Ha, they do sound familiar and I definitely feel you about climbing the ladder and being introduced to new things. When you're poor you try and do what you can to get as far away from it as you can. I chose books but not everyone does.

I agree with you regarding Pac. He had some uplifting tracks and some socially conscious records but he also made music that was self-serving as well-like most artists do.
 

OrangeAggie

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#38
Ahhh, the moral distinction. I noticed you conveniently left out Johhny Cash because he sang about drugs and killing people.

There was nothing convenient about it. I left out Johnny Cash because I've never really listened to him and don't know enough about him or his music to comment. I find it interesting that you assume I'm a country music fan. I'm not.

Let me give you a little background of myself so I can make my point clearer. My biological father was a good 'old boy who listened to Ernest Tubb and Conway Twitty and he also beat my mother. My stepdad listened to Black Sabbath. I'm not sure the message behind "Rat Salad" or "Electric Funeral" was positivity but I know he was an amazing father to me. He married my mother when she had 4 kids and made $75 a week and still works as hard as any man I have ever met. We lived in a predominately black neighborhood (poor people have to stick together) so while I am white I know a little bit of what I speak. You speak as if the black community was Shangri La and Tupac came along and influenced a new culture. Trust me, the problems existed long before gangsta rap.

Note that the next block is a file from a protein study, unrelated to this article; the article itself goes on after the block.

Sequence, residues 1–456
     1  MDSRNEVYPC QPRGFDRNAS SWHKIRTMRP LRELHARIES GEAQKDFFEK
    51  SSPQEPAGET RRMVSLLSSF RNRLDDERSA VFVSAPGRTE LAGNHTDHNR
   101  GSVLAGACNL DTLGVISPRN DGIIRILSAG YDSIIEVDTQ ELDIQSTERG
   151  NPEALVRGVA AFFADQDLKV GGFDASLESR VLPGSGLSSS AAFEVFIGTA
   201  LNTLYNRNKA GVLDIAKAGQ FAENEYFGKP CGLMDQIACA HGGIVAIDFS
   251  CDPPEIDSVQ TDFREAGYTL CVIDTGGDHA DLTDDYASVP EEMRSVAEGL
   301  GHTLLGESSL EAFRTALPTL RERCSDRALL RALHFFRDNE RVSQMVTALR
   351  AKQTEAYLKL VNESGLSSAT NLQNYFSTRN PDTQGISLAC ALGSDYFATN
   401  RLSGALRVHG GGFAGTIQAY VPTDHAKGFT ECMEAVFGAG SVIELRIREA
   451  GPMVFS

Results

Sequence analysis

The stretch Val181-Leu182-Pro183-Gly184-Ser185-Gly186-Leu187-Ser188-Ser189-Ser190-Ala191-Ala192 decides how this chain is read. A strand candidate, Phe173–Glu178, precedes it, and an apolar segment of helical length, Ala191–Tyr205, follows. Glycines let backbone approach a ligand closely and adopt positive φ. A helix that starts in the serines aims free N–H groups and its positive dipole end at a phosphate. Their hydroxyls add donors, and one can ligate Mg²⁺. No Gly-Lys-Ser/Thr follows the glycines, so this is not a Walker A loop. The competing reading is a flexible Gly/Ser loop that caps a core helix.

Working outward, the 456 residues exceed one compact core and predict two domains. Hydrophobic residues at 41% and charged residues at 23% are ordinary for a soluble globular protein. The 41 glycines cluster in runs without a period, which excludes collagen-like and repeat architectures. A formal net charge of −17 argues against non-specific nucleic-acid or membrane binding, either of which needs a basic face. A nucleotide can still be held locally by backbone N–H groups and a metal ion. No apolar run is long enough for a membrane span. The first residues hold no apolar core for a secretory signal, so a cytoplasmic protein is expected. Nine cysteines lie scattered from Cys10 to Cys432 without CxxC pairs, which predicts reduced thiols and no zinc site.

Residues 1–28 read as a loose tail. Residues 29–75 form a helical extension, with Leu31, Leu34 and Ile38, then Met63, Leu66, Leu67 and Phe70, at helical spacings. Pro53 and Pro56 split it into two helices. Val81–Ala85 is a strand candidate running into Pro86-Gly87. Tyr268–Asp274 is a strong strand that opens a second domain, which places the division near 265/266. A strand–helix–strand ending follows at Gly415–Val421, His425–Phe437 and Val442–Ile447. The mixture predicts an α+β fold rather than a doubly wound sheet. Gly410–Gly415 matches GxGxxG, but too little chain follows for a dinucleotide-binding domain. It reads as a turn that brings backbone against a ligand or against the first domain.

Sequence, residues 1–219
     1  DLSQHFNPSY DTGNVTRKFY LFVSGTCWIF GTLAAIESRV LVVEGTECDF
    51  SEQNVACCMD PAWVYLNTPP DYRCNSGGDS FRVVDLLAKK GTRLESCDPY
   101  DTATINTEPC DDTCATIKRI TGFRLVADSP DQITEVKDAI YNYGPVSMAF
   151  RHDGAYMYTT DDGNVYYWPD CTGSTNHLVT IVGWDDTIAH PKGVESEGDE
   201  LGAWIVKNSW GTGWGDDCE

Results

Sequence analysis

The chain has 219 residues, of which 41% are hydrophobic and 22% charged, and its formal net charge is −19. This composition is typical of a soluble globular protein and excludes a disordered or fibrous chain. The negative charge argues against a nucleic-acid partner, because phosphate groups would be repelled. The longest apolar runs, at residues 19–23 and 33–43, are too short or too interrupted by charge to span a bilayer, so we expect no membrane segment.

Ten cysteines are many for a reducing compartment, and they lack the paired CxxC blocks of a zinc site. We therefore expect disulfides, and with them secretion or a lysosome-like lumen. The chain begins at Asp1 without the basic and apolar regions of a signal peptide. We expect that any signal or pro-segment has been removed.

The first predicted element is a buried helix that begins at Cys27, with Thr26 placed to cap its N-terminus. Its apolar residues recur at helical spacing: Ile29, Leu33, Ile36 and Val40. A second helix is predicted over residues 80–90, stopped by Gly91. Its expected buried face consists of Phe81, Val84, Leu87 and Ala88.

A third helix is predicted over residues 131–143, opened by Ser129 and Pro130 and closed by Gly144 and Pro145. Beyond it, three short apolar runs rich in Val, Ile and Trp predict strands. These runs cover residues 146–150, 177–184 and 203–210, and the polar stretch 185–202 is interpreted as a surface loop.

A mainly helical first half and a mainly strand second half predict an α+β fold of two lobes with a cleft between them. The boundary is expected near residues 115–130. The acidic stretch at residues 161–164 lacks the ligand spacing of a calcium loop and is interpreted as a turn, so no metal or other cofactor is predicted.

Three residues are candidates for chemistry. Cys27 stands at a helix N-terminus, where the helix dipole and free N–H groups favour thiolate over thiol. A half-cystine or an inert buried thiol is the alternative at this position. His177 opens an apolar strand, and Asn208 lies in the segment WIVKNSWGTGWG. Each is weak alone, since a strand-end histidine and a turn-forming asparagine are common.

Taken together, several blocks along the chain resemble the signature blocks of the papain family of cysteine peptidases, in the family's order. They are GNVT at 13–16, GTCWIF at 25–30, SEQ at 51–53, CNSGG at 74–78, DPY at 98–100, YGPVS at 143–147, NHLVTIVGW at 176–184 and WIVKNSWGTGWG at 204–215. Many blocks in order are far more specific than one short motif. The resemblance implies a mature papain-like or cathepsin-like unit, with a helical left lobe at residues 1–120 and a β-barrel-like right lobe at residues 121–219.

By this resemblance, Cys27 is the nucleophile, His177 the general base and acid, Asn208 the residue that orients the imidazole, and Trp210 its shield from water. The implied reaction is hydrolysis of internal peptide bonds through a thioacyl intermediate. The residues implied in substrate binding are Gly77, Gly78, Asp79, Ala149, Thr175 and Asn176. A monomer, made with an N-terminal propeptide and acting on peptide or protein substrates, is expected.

When did I say that Tupac and rap caused the issues in the black community? I've specifically said that they only reinforce and glorify that behavior, thus allowing it to continue. Your argument that "we can't make it better so we might as well make it worse" is ridiculous.

A poor kid growing up in the ghetto doesn't need role models that tell him that being a criminal, joining a gang, doing drugs, screwing hoes and bitches, and killing cops is not only okay, but pretty damn cool. Do you disagree with this?

There are much, much poorer communities all over the world that have very low crime and violence, so don't tell me that the cycle of poverty is the sole cause of these issues.

These communties weren't going to get incrementally better if rap never existed. I guess the government could have used their resources to pipe in Pat Boone over loud speakers instead of keeping drugs running through the community like they did in South Central.
Nope, that would only succeed in making them brain dead. Still, drinking beer and fishing is a hell of a lot better than smoking crack and robbing liquor stores.